• Smart Reply – Similar to those familiar with Google Inbox, smart reply gives users a fast and easy way to respond to the bots questions without typing. Smart Reply saves time and pushes the user more efficiently through a conversation workflow. This can be particularly useful when the bot is context-aware or has some level of information at the ready about the user.
  • Persistent Menu – The Persistent Menu allows the user to navigate to another part of the bot that may not be readily available. In short, it is a way to transition into another part of the bot without having to ask the bot. A designer may use the Persistent Menu to personalize the bot or serve as a place where the user can learn more about the bot's features.

These are just a selection of popular elements that can be embedded into a bot experience. And while you can employ many or all of these on some platforms, it’s best to try to pick the option that is right for the moment.

The goal when designing chatbots is to create a fluid chat experience for the end user and customers. If not, you could run into a very cluttered and confusing experience for the user. After-all the bots’ purpose is to make the user’s life simpler.

In defining the aim of chatbots, designers should consider design considerations and design options to build a practical conversational experience.

We built our own solution as well which we called ACE (Azumo Chatbot Engine). The solution enabled us to build more robust chatbots more quickly. We've used it to build chatbots for Discovery Channel, Wine Enthusiasts and Coppola Winery and many others. Most of those chatbots were designed for Alexa and Google Assistant. We used ACE to also build for Facebook Messenger and other apps as well as the web.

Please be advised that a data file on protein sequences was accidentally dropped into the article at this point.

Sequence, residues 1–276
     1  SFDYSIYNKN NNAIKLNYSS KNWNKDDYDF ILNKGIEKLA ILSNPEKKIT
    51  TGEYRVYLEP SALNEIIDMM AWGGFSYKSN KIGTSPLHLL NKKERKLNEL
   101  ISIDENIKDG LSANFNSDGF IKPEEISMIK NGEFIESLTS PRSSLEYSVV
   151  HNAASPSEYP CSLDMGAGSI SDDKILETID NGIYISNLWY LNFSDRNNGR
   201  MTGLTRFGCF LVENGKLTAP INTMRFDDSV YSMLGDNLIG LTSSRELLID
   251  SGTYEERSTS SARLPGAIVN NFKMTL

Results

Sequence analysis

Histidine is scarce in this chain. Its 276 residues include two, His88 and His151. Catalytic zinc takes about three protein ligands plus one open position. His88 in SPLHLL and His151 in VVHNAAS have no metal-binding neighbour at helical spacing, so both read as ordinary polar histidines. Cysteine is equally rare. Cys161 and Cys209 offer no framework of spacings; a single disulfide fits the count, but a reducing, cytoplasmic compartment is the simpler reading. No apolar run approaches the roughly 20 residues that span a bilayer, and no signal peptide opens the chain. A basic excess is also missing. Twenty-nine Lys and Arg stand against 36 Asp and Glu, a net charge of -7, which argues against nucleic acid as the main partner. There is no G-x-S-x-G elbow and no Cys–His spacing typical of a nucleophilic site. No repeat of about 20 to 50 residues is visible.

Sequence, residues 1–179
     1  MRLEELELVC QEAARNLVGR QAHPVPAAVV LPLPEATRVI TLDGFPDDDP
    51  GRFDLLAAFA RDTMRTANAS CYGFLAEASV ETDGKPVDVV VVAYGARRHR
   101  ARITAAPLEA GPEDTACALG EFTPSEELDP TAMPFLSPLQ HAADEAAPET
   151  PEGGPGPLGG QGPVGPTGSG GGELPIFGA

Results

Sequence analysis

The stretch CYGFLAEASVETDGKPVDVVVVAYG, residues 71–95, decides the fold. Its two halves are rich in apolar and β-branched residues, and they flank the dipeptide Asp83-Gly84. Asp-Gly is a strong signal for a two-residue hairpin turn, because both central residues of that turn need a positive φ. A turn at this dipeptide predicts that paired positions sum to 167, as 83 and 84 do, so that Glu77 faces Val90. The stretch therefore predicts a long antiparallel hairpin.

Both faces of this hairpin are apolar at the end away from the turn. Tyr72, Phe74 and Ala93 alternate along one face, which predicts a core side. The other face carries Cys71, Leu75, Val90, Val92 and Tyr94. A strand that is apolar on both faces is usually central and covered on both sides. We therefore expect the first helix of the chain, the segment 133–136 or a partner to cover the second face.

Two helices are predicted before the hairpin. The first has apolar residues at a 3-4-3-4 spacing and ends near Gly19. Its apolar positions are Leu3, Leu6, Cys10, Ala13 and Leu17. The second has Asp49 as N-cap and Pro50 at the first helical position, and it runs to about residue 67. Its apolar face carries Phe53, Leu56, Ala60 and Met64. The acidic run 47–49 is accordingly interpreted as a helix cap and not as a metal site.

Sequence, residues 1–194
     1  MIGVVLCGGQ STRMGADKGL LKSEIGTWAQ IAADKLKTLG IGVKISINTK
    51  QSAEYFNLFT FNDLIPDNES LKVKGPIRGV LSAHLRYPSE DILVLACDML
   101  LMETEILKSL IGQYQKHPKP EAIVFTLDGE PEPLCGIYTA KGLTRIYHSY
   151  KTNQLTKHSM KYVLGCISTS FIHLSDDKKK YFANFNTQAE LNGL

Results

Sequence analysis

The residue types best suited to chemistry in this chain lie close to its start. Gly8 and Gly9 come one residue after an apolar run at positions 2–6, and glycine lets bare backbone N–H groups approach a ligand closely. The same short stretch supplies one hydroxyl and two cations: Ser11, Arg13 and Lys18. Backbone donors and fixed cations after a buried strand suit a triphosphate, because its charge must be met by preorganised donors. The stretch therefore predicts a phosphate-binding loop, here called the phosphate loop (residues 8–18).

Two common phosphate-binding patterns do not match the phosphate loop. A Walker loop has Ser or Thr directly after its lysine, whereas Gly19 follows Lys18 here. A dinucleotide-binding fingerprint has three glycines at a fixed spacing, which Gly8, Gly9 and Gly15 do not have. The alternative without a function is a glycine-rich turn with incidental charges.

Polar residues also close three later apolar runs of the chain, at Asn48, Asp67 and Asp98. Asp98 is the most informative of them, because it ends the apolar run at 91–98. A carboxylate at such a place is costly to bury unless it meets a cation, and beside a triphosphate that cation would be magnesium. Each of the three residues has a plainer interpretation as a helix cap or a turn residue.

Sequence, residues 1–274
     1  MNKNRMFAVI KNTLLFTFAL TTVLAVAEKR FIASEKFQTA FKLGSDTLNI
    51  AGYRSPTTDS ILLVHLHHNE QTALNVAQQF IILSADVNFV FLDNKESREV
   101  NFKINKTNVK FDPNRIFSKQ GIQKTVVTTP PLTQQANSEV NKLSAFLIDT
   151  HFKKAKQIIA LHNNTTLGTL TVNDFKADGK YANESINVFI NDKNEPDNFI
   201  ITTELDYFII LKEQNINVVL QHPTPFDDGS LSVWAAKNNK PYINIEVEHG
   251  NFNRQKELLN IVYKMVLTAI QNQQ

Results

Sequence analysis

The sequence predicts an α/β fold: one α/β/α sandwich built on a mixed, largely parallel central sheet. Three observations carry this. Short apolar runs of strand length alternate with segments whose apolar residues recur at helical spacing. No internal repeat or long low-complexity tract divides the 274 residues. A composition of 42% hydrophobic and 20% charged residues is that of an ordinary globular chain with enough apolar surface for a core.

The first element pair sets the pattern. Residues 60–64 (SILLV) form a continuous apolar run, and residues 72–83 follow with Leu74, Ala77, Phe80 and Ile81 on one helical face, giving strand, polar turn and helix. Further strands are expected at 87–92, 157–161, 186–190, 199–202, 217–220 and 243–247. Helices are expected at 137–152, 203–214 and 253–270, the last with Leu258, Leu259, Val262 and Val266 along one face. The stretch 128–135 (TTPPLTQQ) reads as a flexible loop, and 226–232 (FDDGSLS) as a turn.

Step 5. Track Data and Analyze Behavior

As bot designers, we know that user data helps improve user experiences and helps us better understand user behavior. A bot needs to gather data in the background to support its iterative improvement.  As a result of improved data insight, as a chatbot designer, we may enhance the customer experience by altering the bot's tone of voice or its reaction to various user inputs.

Know Why Bots Fail

The analytics allow us to improve the overall customer experience by altering the chatbot flow.  Tracking data also informs us of why a bot fails and what error messages or where in the customer journey or conversation flow needs changing.

It is possible to monitor chatbot information using an analyze engine. An analytical tool or analyzer API provides information about how bot use was used, how user interaction was handled. The app will automatically receive user feedback directly from a chatbot. It shows the simple replies button and the user is now given the option to ask whichever question or reply the button has to be sent immediately. In this respect they can give feedback to whoever answered it, but not to what it responded, and they can decline it.